The selection of the next chairperson of the Democratic National Committee (DNC) has enormous implications for the future of the party. There is currently a strong movement within the party to select Rep. Keith Ellison (MN) as chair.
Ellison is an outspoken and active progressive. He represents the Paul Wellstone tradition of Minnesota Democrats. He served as Co-Chair of the Congressional Progressive Caucus (with Rep. Raul Grijalva, AZ). He was a supporter of Sen. Bernie Sanders in the Democratic presidential primaries. He has the support of Senators Bernie Sanders, Elizabeth Warren, Amy Klobuchar (of his home state of Minnesota), and even new Democratic Senate Leader Chuck Schumer. He has been endorsed by a number of unions.
He has a unique opportunity to lead the Democratic Party into a new progressive identity.
But he is also black. And Muslim. He is critical of Israel’s policies of occupation and separation. At one time, he held views favorable of Nation of Islam leader Louis Farrakhan.
His selection would be a gift to the right-wing opponents of progressive change. As the face of the Democratic party he would divert any discussion from a conversation about party policies to a demand for explanation of Ellison’s putative anti-white, anti-Semitic, and, ultimately, anti-American views. His personality, not his polities and those of his party, would eclipse any potentially substantive analysis by “journalists” and “pundits.”
Already, conservative activists in the “Israel lobby” have launched attacks on Ellison, labeling him “anti-Semitic” and arguing that he represents an attempt to move the party away from its generally uncritical support of Israeli government policies. (Notwithstanding the growing split between Israeli PM Netanyahu and Democrats, as Netanyahu and his advisors vocally support the Republicans.)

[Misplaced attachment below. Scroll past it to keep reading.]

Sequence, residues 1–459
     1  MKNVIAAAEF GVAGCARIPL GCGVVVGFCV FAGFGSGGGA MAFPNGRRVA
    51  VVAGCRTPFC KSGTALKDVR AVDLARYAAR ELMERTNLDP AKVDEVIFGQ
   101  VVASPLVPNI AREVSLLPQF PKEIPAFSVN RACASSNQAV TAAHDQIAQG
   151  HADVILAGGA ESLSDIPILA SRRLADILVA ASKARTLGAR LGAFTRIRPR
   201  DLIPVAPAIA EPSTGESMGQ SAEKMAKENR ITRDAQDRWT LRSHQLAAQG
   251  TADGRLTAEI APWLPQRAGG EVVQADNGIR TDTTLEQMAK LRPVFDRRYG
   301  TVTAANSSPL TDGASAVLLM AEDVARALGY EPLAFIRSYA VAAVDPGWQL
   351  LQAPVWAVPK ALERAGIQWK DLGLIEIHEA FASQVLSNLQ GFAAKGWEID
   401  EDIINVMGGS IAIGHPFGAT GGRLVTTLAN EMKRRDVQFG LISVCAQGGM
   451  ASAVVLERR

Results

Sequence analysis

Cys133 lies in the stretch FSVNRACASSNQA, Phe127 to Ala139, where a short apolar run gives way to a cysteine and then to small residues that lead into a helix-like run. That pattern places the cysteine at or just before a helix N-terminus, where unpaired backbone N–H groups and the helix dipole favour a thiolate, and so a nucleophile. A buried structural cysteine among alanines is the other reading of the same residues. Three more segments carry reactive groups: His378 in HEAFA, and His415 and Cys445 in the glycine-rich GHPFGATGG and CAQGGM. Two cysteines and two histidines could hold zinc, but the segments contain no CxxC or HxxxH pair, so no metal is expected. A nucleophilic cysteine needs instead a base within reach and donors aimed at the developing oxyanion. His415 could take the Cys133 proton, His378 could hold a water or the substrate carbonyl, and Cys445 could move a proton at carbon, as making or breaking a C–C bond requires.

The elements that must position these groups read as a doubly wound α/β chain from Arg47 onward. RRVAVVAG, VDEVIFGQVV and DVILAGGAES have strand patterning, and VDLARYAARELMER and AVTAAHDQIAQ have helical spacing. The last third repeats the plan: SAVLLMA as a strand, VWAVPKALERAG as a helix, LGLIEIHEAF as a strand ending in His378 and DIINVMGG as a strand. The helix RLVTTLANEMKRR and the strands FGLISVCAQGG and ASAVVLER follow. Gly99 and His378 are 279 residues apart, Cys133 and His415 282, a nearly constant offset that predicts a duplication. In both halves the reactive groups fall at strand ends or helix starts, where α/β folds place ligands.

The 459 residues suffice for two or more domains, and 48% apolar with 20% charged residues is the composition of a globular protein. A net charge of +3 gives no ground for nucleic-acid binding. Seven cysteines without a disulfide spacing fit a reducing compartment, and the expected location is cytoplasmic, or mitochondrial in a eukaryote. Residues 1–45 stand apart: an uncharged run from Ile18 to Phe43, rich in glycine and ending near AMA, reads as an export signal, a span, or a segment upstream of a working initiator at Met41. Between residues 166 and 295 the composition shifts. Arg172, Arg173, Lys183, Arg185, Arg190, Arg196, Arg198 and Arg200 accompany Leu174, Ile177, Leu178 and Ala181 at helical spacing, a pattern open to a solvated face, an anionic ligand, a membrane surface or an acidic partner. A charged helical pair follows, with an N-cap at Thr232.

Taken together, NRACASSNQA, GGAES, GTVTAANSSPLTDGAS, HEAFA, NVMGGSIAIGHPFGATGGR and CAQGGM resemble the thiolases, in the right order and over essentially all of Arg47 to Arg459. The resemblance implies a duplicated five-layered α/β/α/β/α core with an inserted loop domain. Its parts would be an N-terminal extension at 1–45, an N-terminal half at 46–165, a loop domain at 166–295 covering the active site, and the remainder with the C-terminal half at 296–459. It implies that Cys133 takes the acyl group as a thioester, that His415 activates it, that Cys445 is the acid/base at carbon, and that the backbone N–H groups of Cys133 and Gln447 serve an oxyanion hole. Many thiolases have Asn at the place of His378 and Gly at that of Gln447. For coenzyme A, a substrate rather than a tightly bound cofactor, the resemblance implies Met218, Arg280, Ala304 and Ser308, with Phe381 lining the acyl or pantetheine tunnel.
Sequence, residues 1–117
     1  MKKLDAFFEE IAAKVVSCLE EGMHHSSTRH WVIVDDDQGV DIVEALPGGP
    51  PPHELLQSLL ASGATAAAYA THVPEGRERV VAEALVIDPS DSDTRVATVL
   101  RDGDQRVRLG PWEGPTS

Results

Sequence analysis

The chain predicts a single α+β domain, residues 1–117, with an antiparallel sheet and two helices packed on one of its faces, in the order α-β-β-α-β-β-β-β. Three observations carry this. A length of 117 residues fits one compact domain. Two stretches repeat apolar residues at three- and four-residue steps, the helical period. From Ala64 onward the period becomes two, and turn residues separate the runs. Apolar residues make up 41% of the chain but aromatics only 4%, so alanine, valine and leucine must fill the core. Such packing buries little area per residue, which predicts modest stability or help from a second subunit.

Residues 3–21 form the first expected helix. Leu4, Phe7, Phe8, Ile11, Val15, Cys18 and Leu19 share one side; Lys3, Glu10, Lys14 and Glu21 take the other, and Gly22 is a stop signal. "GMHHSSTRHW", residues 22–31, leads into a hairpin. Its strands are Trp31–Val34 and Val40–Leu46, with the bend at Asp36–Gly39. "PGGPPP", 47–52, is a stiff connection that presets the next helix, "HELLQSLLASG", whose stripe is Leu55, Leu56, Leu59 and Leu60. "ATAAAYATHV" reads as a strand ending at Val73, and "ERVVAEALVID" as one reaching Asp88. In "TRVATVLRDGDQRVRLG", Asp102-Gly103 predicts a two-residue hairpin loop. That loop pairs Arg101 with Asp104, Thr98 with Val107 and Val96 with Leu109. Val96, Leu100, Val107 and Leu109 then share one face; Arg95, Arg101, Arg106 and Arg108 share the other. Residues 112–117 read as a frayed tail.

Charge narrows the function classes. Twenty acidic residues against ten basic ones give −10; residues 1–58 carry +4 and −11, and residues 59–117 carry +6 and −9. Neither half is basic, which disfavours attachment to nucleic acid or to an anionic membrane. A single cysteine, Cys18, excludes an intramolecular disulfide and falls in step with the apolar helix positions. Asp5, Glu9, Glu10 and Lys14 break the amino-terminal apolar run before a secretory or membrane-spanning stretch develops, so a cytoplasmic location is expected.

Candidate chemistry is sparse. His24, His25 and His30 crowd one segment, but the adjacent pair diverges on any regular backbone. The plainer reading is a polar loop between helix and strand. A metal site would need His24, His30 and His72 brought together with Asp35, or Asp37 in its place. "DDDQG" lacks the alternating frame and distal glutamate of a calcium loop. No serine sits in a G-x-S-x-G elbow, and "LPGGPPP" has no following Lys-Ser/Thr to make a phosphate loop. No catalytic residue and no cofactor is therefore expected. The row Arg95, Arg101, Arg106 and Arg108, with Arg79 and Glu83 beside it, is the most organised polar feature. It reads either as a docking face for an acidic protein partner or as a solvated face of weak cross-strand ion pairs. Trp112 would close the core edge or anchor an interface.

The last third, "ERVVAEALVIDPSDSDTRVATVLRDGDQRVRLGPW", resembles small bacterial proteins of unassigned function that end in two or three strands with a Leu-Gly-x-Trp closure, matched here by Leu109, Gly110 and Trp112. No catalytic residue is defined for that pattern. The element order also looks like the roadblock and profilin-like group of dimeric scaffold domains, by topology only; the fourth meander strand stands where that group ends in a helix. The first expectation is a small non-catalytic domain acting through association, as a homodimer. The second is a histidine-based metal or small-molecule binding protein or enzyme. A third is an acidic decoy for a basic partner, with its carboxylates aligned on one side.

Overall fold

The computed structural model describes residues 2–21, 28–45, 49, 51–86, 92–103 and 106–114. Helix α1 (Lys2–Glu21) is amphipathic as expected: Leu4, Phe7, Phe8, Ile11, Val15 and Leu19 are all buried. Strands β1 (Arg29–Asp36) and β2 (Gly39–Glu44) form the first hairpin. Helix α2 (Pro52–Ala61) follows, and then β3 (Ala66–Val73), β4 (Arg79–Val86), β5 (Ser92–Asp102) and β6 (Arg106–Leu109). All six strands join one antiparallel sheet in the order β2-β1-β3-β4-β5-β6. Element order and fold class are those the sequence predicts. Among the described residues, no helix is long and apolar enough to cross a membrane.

There is a chilling possibility that the debate over Ellison’s views on Israel can descend into an open conflict between blacks and Jews within the Democratic Party, reminiscent of the conflicts between the two groups in the 1970s. Fortunately, the support of Senators Schumer – possibly Israel’s strongest supporter in the US Senate – and Bernie Sanders, both Jews, might calm the anxieties of Democrats who are sincerely concerned about the party’s position on Israel under Ellison’s leadership. But there is no sign that the attacks labeling Ellison as anti-Semitic are about to diminish.
Ellison is not the only candidate for the DNC chair. His strongest opponent is Labor Secretary Tom Perez, who has the de facto endorsement of President Obama. Perez has strong liberal credentials. His work as Maryland Secretary of Labor and as Assistant US Attorney General for Civil Rights has brought him endorsements from unions and progressive organizations.
There is some risk that the selection of Perez over Ellison will cause resentment among black Democrats. They might interpret it as a rejection of a member of a consistently loyal constituency in favor of the much sought after rapidly growing Hispanic population. However, given the general passiveness of establishment black Democrats, and Perez’s civil rights record, his selection might make few waves.
The greatest opposition to rejection of Ellison might come from the “Bernie” faction of progressive Democrats, who would once again see themselves as betrayed by the party’s corporate elites. It would be up to Senator Sanders, and perhaps also Senator Warren, to keep them within the party.
Democrats have an important choice to make this February. They must reconnect with the electorate at the local, state, and national levels. They can spend the next four years campaigning to win elections and save our democracy. Or they can spend them explaining and defending Keith Ellison to bloodthirsty right-wing politicians and pundits and their scandal-hungry media parasites.
However shameful the reasons, Democrats must make the right decision.